Federal judge rules Wisconsin’s Medicaid program must cover transgender healthcare

A federal judge has ruled that Wisconsin’s Medicaid program must cover gender affirmation health care in a major win for transgender Wisconsinites.

Four transgender people sued the state’s Department of Health Services for denying coverage because of a 1998 law that bans using Medicaid money for “transsexual surgery.” U.S. District Judge William Conley ruled on Friday that the state had to cover gender affirmation health care because it’s an accepted treatment for gender dysphoria.

Related: A court ruled that Iowa’s Medicaid has to pay gender-affirming medical care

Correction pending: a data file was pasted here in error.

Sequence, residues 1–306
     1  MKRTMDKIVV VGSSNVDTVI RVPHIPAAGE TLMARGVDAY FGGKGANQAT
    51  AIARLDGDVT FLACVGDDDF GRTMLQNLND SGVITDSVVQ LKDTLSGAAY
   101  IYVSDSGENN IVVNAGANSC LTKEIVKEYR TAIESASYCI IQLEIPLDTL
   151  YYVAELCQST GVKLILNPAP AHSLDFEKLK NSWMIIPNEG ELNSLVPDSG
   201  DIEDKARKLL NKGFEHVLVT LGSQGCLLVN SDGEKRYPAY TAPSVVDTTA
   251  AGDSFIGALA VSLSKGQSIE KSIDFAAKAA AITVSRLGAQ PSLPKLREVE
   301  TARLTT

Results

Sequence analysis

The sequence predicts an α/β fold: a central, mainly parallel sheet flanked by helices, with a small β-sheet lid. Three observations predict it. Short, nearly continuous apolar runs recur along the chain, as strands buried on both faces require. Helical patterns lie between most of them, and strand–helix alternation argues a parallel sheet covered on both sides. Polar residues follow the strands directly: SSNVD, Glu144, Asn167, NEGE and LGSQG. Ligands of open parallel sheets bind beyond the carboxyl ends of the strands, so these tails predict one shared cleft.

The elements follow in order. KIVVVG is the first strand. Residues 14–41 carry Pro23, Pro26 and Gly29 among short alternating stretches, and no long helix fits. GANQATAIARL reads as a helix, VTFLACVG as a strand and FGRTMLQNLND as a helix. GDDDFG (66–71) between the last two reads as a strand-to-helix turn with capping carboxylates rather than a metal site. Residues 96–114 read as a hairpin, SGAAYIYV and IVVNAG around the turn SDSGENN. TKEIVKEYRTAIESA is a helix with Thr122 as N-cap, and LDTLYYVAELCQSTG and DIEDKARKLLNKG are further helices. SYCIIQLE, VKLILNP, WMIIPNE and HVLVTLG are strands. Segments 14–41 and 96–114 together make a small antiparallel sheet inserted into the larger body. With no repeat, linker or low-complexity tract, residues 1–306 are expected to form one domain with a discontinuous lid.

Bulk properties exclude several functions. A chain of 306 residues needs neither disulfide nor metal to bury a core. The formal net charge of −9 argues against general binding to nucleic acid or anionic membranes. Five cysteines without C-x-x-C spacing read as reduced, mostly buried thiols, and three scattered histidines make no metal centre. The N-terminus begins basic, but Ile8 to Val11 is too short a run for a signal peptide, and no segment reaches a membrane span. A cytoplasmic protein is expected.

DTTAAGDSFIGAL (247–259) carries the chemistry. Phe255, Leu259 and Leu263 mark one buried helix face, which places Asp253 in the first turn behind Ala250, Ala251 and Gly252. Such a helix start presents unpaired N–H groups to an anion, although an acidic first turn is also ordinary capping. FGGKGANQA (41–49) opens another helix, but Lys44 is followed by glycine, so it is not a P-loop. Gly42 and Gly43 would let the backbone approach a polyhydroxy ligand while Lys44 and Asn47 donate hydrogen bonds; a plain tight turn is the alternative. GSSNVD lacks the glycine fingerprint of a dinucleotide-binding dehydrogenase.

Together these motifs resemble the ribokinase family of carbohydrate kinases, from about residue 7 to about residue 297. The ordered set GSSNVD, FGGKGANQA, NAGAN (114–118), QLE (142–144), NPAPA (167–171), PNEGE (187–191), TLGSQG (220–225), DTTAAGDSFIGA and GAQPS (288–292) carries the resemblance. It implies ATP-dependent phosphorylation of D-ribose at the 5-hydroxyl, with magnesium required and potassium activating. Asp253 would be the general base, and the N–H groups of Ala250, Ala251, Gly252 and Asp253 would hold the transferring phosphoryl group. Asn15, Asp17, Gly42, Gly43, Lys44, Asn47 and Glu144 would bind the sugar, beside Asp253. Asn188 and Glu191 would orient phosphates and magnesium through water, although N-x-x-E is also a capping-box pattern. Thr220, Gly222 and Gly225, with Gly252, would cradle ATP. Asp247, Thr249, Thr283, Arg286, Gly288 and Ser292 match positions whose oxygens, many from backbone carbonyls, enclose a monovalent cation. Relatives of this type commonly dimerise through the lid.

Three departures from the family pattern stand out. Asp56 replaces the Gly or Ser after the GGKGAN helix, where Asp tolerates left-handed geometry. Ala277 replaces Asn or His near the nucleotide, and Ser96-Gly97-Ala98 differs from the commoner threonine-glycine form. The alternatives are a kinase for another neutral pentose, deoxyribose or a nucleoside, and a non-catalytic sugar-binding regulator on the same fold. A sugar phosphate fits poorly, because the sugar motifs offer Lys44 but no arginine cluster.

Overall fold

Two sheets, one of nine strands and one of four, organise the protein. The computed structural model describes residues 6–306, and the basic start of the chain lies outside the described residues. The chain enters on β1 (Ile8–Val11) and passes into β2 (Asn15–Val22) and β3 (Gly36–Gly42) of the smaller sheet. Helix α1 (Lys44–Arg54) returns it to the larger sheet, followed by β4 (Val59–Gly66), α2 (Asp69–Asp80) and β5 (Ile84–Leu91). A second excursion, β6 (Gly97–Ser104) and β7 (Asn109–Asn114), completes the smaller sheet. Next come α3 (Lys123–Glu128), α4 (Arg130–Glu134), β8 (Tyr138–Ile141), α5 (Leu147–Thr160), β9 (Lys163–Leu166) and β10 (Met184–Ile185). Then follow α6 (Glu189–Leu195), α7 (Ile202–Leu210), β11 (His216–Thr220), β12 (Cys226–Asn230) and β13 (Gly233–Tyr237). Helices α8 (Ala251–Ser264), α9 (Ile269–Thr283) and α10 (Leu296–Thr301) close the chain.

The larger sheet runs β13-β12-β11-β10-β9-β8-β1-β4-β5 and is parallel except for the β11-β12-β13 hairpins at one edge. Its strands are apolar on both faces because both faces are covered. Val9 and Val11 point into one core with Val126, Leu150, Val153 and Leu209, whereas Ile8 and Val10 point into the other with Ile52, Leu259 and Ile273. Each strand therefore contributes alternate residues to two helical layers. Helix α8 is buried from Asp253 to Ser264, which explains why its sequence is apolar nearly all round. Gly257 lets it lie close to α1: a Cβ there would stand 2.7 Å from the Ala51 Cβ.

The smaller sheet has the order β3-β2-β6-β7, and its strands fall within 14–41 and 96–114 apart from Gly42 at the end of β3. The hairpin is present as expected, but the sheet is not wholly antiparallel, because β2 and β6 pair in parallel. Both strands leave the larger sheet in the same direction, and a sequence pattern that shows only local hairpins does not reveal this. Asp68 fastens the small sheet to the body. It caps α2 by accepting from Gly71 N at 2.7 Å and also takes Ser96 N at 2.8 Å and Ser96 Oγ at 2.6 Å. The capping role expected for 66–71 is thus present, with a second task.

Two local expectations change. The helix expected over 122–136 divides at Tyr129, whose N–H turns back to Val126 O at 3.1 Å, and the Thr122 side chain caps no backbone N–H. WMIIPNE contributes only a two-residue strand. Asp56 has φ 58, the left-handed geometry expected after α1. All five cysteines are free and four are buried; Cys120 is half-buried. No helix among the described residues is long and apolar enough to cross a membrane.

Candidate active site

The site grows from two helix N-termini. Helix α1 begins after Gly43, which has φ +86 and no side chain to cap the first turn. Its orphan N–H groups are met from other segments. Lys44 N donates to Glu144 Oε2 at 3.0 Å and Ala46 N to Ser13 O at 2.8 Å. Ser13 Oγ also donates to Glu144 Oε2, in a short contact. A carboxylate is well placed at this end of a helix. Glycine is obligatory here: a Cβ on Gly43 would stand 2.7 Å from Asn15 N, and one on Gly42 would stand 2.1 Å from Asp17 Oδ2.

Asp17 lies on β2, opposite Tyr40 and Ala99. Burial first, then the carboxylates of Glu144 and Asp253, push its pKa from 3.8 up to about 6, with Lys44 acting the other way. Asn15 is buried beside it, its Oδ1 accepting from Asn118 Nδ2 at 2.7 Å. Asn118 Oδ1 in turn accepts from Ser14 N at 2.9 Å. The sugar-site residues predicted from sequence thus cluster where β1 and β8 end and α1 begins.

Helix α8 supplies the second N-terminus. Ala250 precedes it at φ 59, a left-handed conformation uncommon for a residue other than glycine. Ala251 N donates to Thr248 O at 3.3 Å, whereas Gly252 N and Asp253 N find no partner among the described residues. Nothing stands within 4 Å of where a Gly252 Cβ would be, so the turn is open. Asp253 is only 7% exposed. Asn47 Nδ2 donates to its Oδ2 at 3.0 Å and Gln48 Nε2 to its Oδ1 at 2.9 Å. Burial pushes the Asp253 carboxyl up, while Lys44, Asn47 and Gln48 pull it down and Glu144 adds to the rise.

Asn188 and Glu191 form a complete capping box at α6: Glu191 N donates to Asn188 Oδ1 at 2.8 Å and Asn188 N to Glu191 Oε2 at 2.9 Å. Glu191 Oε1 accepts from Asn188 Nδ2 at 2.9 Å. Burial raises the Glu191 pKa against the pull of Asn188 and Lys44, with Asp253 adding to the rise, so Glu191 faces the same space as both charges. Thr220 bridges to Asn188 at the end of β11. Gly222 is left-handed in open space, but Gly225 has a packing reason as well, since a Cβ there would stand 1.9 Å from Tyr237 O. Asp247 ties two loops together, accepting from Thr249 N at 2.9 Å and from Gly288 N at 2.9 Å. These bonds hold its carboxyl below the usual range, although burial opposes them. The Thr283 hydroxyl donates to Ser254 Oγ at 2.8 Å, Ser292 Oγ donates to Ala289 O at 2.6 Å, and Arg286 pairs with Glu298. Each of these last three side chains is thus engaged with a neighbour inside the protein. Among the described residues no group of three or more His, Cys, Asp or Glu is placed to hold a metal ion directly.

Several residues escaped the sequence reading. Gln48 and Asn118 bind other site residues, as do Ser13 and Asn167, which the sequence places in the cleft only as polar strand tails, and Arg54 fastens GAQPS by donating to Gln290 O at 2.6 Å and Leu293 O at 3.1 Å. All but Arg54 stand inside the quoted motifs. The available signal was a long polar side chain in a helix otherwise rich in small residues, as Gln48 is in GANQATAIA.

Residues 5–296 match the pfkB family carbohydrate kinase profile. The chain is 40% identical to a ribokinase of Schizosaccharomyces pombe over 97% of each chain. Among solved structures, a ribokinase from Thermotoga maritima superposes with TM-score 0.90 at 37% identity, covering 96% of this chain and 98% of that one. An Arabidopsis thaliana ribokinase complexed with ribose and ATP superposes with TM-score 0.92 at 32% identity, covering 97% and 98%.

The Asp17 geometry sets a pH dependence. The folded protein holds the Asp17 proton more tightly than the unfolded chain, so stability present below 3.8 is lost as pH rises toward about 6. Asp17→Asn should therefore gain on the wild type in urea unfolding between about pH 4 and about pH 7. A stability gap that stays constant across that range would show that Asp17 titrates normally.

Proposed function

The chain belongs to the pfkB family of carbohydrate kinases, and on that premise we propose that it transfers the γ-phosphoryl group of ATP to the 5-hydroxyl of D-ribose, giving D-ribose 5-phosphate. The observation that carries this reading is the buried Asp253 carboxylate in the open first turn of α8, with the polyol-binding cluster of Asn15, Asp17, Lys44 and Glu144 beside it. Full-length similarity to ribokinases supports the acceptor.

“There is now a consensus within the medical profession that gender dysphoria is a serious medical condition, which if left untreated or inadequately treated can cause adverse symptoms, such as anxiety, depression, serious mental distress, self-harm and suicidal ideation,” Conley wrote.

Conley also ruled that refusing to cover gender affirming health care was sex discrimination under the Affordable Care Act. Medicaid is partly funded with federal money.

The state estimates that it will cost between $300,000 and $1.2 million per year to cover gender affirmation health care.

Wisconsin is one of nine states to specifically exclude coverage for transgender care in its Medicaid program.

Earlier this year, the state started covering such care for state employees.


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